But the answer also sounds like a casual dismissal of the passion of the fans and the connection that this city once had with its team.
That connection has been missing since 1999.
Since the team returned, there has been a large disconnect between the fans and this team. Not winning has hurt, but bigger issues come into play.
This offseason the Browns had a news conference to discuss a contract extension the same day as the Chardon school shooting. The extension was worth celebrating, but it could have waited a day. Because while immense grief was taking place in one part of the community the Browns were publicly patting themselves on the back.
That’s just one example.
Another recent one was Greg Little saying on Twitter he didn’t care what fans thought.
It harkens back to Butch Davis telling fans to “get a life.”
The Browns do a lot in the community, but since ‘99, for whatever reason, they are not part of the community.
Fans hate it, but it’s different in Pittsburgh. There, guys settle in and are part of the fabric. Coach Mike Tomlin lives in the city, not the suburbs. Chairman emeritus and former owner Dan Rooney walked to games as recently as a few years ago.
In Cleveland, players have valet parking and fans can’t even be told the most rudimentary facts about a player’s injury.
The last Brown to be inducted into the Hall of Fame was Ozzie Newsome. When he gave his speech, the team’s owner and president were back in Berea.
In 1995, the heart of this city was sliced open.
The NFL Network’s documentary showed the pain and the trauma of that move. It’s a bit Cleveland-ish to want to relive that year of agony, but there was a documentary and it was worth watching.
The show detailed the bond between the city and team, a bond that has not been present since — despite the best efforts of many people.
To dismiss it and say there’s no time for books and movies at this time of the year might be accurate in a coach’s mind, but that mind clearly is not thinking much beyond the walls in Berea.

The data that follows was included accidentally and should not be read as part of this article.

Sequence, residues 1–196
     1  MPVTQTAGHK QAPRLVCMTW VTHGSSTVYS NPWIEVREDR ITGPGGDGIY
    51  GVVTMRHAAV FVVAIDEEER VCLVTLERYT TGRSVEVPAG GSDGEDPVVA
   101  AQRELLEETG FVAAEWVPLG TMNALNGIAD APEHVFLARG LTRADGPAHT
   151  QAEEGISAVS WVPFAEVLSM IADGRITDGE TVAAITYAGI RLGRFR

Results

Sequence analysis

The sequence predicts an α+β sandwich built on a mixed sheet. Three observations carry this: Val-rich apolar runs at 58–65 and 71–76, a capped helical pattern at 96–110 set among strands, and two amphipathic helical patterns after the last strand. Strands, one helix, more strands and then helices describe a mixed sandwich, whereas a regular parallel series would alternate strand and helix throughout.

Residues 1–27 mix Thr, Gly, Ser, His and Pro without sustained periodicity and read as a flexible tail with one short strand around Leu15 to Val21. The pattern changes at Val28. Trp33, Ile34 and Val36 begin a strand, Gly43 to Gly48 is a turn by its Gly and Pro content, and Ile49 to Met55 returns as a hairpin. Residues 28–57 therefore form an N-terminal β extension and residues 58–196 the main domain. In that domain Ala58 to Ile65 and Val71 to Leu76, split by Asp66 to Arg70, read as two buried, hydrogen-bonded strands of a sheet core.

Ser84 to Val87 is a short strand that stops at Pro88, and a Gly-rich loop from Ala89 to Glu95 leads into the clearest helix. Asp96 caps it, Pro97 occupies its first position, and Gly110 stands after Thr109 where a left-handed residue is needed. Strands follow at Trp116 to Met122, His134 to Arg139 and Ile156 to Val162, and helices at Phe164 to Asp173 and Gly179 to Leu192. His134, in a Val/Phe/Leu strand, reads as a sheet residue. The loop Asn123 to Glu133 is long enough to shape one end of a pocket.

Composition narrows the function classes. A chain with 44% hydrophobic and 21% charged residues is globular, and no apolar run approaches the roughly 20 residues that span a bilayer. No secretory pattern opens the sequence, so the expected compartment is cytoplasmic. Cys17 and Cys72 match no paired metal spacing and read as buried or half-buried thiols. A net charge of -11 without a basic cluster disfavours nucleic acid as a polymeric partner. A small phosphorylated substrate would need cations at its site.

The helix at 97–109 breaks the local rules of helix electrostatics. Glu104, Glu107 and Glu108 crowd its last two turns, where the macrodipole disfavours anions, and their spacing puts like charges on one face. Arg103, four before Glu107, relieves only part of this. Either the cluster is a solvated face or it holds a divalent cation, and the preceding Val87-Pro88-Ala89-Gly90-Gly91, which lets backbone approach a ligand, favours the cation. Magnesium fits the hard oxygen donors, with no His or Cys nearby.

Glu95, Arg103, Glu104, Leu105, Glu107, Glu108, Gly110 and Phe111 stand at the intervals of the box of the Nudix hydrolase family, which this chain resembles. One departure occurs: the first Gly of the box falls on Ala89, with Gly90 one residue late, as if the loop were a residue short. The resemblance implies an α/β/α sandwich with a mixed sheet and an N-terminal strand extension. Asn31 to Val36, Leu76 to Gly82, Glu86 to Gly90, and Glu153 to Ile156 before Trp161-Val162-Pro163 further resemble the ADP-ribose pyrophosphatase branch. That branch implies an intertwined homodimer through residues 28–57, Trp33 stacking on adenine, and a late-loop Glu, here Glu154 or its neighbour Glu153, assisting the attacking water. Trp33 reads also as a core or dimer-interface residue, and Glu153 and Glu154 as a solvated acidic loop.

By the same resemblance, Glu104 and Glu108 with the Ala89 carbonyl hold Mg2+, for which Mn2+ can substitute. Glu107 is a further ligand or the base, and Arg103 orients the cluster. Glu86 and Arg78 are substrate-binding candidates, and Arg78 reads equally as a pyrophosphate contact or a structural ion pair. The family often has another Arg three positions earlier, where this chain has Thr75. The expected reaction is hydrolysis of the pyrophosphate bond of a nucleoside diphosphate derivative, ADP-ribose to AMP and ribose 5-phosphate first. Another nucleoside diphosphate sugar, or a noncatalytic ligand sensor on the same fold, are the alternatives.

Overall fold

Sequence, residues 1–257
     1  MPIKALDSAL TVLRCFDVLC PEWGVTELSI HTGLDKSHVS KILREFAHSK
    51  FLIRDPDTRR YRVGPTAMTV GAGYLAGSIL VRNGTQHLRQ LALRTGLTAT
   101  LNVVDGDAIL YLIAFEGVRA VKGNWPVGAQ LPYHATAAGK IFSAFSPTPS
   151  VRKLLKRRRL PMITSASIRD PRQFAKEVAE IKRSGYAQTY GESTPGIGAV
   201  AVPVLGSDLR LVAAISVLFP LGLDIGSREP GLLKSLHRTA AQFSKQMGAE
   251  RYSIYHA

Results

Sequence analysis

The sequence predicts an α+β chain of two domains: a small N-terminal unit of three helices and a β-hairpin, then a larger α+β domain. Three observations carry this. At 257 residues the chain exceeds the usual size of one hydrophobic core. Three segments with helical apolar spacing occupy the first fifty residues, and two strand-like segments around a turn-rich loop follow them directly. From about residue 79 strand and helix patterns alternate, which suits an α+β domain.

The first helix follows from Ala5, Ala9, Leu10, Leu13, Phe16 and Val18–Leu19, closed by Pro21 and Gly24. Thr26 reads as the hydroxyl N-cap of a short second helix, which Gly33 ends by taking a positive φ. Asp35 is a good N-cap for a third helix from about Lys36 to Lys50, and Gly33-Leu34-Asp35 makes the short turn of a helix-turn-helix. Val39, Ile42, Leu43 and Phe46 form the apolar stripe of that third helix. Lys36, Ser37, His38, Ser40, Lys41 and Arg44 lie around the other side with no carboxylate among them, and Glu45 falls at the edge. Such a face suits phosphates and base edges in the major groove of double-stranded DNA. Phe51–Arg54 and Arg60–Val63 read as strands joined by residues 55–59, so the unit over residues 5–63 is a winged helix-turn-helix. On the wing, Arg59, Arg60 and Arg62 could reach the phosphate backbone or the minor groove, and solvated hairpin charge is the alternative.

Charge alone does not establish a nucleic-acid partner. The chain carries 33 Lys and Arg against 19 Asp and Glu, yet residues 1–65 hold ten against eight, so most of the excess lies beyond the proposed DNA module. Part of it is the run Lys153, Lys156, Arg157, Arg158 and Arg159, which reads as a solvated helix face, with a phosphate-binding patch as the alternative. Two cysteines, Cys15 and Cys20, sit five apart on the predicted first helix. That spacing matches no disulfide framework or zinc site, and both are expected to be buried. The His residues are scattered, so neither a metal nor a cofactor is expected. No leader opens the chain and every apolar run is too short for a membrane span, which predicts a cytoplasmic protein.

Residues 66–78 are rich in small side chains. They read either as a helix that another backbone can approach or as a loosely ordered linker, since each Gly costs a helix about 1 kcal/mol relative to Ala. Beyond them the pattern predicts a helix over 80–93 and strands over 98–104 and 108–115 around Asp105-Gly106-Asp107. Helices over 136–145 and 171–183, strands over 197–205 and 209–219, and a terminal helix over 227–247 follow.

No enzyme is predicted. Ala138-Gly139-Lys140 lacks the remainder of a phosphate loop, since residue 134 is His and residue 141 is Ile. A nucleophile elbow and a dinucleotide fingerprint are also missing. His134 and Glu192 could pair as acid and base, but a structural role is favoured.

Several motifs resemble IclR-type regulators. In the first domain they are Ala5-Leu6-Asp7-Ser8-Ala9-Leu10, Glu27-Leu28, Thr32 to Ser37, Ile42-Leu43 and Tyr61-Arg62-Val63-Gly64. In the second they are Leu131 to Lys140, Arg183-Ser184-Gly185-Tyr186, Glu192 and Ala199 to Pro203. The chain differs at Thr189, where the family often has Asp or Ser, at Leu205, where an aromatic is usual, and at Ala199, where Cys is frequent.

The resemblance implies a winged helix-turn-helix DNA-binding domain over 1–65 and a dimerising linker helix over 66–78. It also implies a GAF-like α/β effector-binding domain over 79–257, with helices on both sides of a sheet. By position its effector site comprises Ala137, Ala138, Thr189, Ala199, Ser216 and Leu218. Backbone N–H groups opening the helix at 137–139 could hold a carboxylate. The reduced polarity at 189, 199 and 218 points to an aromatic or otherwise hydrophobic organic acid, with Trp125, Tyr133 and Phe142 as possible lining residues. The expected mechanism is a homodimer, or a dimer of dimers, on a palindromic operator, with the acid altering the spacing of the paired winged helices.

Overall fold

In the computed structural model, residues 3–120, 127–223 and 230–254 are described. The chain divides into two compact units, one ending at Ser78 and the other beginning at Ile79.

The show meant something to this city, and to the people in the city. What happened in 1995 helps define who the Browns are, and why feelings about the team and things related to the team are the way they are.
To say, too, that the present team should have “a feel” for the great players of the past … the present team should embrace the past, embrace the greats. It’s part of who the Browns are.
A few years back, linebacker Andra Davis as a rookie said the Steelers game was “just another game” to him. After experiencing two Steelers games, he came to the media on his own and said he was wrong and that he understood it wasn’t just another game.
For all that didn’t work under Chris Palmer, the one thing he got was the team’s history — he beat the Steelers twice in two years.
Andra Davis should never have been put in that position to say what he did. It was up to the team and its leadership to make it clear to players what the team’s history was, and what it meant.
Touting it but not living it is mere lip service.
Shurmur has a lot on his plate, and there’s no doubt he understands the Browns history.
But to say he’ll “catch up” on such a vital part of the team’s history and experience after the season?
That’s a tough one to grasp.